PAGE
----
Health Policy Expert: Shift Medicaid Expansion Talk Away From ‘Eggheads’
Proponents of expanding Medicaid eligibility in Kansas need to change tactics and prepare for a long process, a health policy researcher told them Wednesday.
Len Nichols, director of the Center for Health Policy Research and Ethics at George Mason University in northern Virginia, said Kansans who currently oppose expanding Medicaid aren’t likely to be persuaded by statistics from “eggheads” like himself.
“They don’t believe the sources you trust,” he told those at a Topeka forum, the third in a series hosted by health nonprofits, hospitals and several chambers of commerce. “You need people on the ground.”
Gov. Sam Brownback has said any proposal to expand Medicaid in Kansas must have a work requirement and be budget-neutral, but he will not sign any bill until Medicaid waiting lists for home and community-based services for Kansans with disabilities are eliminated.
Eileen Hawley, a spokeswoman for Brownback, said in an email Wednesday that opposition to expanding Medicaid is rooted in problems with other aspects of the Affordable Care Act, also known as Obamacare.
“Expanding Obamacare is politically toxic because it has been a tremendous failure,” she wrote. “It has cut funding to rural hospitals, broken its promise to allow people to keep their current insurance plans, and caused dramatic increases in premiums. Obamacare is the problem. Expanding Obamacare does not solve the problem.”
The ACA included a provision that would expand Medicaid to anyone earning up to 138 percent of the federal poverty level, or $33,465 annually for a family of four. It also would require states to raise Medicaid reimbursement rates, which could entice more providers to accept Medicaid patients.
The Supreme Court ruled in 2012 that states could opt out of expansion, and Kansas is one of 19 states that haven’t expanded eligibility. Kansas adults are only eligible for Medicaid if they are parents, are pregnant or have a disability. The income threshold is 33 percent of the poverty level, or $8,002 annually for a family of four.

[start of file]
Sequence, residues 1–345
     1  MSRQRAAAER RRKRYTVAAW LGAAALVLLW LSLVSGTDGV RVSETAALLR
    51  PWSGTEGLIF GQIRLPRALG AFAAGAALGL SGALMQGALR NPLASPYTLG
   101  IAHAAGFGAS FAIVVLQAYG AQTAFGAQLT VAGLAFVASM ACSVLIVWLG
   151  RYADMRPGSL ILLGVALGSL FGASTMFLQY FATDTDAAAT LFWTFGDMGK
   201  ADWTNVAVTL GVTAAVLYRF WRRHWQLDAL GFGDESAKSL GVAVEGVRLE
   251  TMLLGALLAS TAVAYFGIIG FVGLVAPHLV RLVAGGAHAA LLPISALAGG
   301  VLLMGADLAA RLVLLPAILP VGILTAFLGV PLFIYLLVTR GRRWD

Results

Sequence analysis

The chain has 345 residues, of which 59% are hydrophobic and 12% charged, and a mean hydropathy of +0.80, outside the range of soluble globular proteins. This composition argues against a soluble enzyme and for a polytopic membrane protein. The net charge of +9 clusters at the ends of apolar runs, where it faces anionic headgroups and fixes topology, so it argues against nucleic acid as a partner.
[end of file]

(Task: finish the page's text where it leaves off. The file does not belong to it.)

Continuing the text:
The ACA requires the federal government to fund 100 percent of the cost of expansion from 2014 to 2016. That percentage drops in 2017, phasing down to 90 percent in 2020. Brownback and other Republicans have expressed skepticism the federal government will continue supplying its share.
The Kansas Hospital Association’s most recent attempt to move Medicaid expansion forward, known as “Bridge to a Healthy Kansas,” would require recipients to pay something toward their health care costs and include a job training requirement. Federal officials have consistently rejected work requirements in waiver applications.
The Kansas Health Institute estimates that expansion initially would extend coverage to approximately 150,000 Kansas, including about 63,000 who are now uninsured.
Nichols said Kansas, like the United States as a whole, has become politically polarized in recent years, and anything linked to President Barack Obama will be unpopular in some communities. Finding common ground on an issue like Medicaid expansion requires building a coalition of doctors, hospitals, health insurers and large employers — a process that took four years in his home state of Arkansas, he said.
“What makes these conversations possible is trust,” he said. “There are people in every community that people trust.”
Frustration with the process frequently entered into discussions from a panel of stakeholders who took the stage after Nichols spoke. Terry Deschaine, a trustee at Sumner Regional Medical Center in Wellington, said he thinks the debate isn’t likely to change unless the composition of the Legislature does first.
“We have changed this legislation to meet every objection the Legislature has, and the Legislature still refuses to have that conversation,” he said.
Sumner Regional Medical Center has been on a list of hospitals deemed at risk of closing for two years, Deschaine said. He estimated expanding Medicaid would raise the hospital’s revenues by about $700,000 a year.
“Many of our residents are in that gap where they’re working low-wage jobs” and can’t afford insurance, he said. “We’re taking care of patients, and we aren’t getting paid.”
Editor's note: Heartland Health Monitor partner KHI News Service is affiliated with but editorially independent of the Kansas Health Institute.
Megan Hart is a reporter for KHI News Service in Topeka, a partner in the Heartland Health Monitor team. You can reach her on Twitter @meganhartMC